Dairy farming means family and smart business for Grant and Jane Sherborne. After the two eldest Sherborne children left school and joined the business, Grant focussed on diversifying the strategies used on their farm at Burrawang, NSW to leverage the diverse skills that his family brings to the table.

Grant and Jane’s daughter Georgia manages the dairy full-time.

Grant’s wife Jane has served on the Dairy NSW Board of Directors for the past four years and Chairman for the past two years. Jane manages the farm records and accounts, but her passion lies in rearing top-quality calves; both male and female. Their daughter Georgia has a full-time position operating and overseeing the milking procedure, as well as the running of the dairy computer system, including recording all herd events. William, the older of their two sons, specialises in pasture management, irrigation and stock feed requirements.  Samuel, who has just finished school, helps out wherever he can, lending his great eye for detail and natural aptitude for farming to the team.

“It’s an advantage to us, having the kids come into the business with a fresh perspective and new ideas,” Grant said.

“It’s important for farmers to always be willing to diversify and forever be willing to change to improve practices. Having the kids take on more on-farm responsibility has also freed me up to do a little more off-farm to support the industry.”

Jane and Grant Sherborne both serve on boards for the dairy industry.

Two years ago, Grant updated their 20-a-side swing-over dairy to include Automatic Disinfectant Flushing (ADF) cups, DeLaval milk meters, a computer system with DeLaval scanners that read the NLIS tags, individual milk meters, individual cow recording, and conductivity meters for detecting mastitis before it develops.

The dairy currently milks 300 cows, with plans to calve 340-345 this coming year. The Sherbornes’ short-term aim is to produce a bit over 2.5 million litres and eventually build up to 3 million. Rather than selling bobby calves at low value, the Sherbornes raise all bull calves into steers, running them on their semi-feedlot 4km down the road, until they reach production targets to meet market requirements, with some going into premium MSA grade beef.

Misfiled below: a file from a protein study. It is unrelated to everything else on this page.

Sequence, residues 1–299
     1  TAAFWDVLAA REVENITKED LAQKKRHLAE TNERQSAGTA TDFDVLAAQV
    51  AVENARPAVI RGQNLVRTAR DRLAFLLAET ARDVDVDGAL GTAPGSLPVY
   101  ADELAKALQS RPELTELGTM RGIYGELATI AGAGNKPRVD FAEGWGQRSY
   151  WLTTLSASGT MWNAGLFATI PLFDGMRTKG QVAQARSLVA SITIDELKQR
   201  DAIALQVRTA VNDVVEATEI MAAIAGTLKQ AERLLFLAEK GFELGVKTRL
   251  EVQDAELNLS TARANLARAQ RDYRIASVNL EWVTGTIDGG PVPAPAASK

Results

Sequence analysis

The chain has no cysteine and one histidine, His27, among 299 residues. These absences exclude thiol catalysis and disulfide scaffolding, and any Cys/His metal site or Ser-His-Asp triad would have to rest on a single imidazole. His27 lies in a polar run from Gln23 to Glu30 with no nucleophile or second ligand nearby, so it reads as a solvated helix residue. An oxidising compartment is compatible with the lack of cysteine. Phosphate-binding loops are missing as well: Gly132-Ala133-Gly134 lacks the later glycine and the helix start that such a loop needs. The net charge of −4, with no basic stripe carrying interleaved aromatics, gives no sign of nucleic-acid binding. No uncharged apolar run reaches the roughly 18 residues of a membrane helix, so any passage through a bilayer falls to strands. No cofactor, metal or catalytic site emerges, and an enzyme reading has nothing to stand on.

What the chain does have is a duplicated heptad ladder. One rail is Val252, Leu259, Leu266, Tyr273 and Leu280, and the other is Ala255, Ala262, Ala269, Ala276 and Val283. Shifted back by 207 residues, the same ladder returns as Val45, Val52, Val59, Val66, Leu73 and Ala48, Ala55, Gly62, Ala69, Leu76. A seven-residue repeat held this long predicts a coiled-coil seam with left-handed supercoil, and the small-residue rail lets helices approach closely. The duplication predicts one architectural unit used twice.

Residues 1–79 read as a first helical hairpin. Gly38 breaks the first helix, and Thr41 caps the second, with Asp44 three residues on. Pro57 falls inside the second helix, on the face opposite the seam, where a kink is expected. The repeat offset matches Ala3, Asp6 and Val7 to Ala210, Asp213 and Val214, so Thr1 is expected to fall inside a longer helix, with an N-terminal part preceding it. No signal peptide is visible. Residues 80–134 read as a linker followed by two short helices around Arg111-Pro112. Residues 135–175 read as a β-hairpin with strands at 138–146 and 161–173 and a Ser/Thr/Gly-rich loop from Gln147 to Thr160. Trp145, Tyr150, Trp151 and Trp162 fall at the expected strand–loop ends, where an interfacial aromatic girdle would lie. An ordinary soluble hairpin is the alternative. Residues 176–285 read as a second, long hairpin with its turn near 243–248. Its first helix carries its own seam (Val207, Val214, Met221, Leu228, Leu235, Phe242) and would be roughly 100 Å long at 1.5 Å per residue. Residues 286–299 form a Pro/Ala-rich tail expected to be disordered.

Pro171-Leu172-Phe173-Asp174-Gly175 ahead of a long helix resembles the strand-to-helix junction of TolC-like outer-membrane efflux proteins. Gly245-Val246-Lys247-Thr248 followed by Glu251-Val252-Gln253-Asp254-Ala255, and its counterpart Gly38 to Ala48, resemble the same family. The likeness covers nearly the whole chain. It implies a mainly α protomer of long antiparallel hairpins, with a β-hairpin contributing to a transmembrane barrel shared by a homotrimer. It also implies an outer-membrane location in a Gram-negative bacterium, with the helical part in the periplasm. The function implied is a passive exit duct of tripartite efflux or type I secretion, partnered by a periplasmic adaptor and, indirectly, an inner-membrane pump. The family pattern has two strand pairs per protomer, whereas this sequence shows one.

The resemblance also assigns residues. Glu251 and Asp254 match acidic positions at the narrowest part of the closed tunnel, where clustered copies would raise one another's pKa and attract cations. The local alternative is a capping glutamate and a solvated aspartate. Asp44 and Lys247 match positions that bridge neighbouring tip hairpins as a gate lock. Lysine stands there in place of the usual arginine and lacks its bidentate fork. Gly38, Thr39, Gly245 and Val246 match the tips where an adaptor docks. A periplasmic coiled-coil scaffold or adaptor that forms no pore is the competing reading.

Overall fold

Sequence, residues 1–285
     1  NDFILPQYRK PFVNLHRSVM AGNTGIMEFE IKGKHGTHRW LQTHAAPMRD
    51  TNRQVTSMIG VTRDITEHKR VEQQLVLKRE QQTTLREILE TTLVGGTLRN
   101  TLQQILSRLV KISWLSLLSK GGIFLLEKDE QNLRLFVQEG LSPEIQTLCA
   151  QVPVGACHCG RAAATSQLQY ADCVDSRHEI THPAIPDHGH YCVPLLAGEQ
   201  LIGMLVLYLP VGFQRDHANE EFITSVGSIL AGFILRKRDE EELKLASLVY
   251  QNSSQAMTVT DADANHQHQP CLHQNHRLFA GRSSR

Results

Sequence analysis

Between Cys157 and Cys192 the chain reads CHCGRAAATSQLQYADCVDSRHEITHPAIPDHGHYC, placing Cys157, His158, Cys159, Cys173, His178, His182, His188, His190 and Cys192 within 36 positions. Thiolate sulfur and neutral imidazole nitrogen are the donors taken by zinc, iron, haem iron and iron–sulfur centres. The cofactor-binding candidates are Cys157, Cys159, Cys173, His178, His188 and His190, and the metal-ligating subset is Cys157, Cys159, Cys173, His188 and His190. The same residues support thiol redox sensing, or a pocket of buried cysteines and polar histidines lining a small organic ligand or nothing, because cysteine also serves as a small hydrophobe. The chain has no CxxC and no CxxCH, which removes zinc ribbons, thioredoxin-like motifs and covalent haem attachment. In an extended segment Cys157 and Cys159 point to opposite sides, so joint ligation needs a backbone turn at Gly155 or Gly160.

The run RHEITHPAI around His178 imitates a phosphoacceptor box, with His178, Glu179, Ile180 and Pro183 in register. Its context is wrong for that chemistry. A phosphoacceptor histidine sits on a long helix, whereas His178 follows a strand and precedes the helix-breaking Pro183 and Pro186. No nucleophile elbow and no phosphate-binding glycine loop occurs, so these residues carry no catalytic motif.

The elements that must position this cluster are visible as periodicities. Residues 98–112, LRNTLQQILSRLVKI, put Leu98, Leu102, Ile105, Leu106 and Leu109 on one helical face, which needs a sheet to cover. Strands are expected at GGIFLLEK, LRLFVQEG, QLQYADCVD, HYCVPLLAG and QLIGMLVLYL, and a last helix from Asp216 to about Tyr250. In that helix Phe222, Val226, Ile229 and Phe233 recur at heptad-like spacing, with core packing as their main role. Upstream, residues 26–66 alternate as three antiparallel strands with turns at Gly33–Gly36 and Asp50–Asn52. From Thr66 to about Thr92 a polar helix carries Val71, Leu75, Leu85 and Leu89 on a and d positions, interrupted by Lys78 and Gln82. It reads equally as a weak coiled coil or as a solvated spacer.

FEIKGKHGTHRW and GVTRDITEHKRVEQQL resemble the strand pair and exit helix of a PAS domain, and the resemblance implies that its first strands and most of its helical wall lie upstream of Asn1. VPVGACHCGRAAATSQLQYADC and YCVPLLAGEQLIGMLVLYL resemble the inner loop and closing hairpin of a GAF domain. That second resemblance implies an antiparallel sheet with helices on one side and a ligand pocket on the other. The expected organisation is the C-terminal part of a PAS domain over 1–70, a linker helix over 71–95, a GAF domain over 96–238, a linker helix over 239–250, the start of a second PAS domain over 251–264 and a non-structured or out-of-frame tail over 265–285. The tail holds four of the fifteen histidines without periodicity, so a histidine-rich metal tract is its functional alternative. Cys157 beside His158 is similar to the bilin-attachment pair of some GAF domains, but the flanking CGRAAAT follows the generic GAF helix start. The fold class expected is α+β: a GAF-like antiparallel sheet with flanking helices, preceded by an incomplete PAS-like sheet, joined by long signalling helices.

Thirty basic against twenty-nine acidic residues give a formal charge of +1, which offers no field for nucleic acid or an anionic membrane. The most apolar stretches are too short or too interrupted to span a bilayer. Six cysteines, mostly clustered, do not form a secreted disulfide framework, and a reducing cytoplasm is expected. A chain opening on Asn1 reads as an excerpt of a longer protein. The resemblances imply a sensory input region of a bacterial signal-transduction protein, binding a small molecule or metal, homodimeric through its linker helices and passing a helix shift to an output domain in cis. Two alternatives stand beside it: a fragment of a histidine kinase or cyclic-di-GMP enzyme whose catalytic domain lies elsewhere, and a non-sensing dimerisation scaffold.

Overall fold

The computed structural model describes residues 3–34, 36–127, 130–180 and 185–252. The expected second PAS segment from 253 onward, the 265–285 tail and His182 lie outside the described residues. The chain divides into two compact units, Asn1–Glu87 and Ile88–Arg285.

The Sherborne family have also been working with Neil Moss from the Scibus program (through DFMC) to boost herd and farm production, through improved pasture and reproductive management. A nutrient mapping program enables them to reuse all the effluent from the dairy, feed pad and calf shed in the right places.

“We go for a drive with Neil to look at things on the farm and he doesn’t ask too much of me, but he really challenges the kids on what they’re doing,” Grant said.

Eldest son William manages the pastures, irrigation and stock feed requirements.

The Sherborne farm featured in Dairy NSW and Dairy Australia’s Project 20:20 Pathways to Change. Grant and Jane are also heavily involved in Dairy Australia’s Cows Create Careers, taking calves into high schools to demonstrate how well they are looked after and educating students on what is involved in milk production, as well as taking on work placement students throughout the year, and welcoming school excursions on-farm to see how the cows are milked, fed and handled.

“The way our cows are treated can be different from what they’ve read or been told. Hopefully we’ll see a correlation between this education and graduates deciding to investigate a career in dairy – or at least have a deeper understanding of what we do.”

Grant is a long-serving member of DFMC, beginning with the original Dairy Farmers Co-Op. In 2002 he became a Ward Representative, in 2010 a Central and Southern NSW District Chair, and in 2013 a Board Director. Grant says his role as a director is to be a voice for farmers, so they can focus on their job.

“I’ve always thought the reason DFMC exists is to do all of the negotiating and the policy making that is beyond the farm gate, because if individual farmers have to run around negotiating a price or getting the best deal, they’re losing effectiveness on-farm,” Grant said.

“Today’s farmers have to specialise in what they’re doing, and that’s producing great milk.”

As far as the challenges currently facing industry, Grant says “Sometimes challenges are exactly that: they are challenges. They make you re-evaluate the situation and make necessary changes; often bringing out the best in you and your business.”

“We’ve been encouraged to make a few improvements and become more focused and efficient. I can give examples of our better nutrient applications and better pasture growth, and how the development of our dairy steers has become integral to our business – these are changes that we made because of the challenges we faced.”

From left to right: William, Georgia, Grant and Samuel Sherborne. Picture: Jane Sherborne.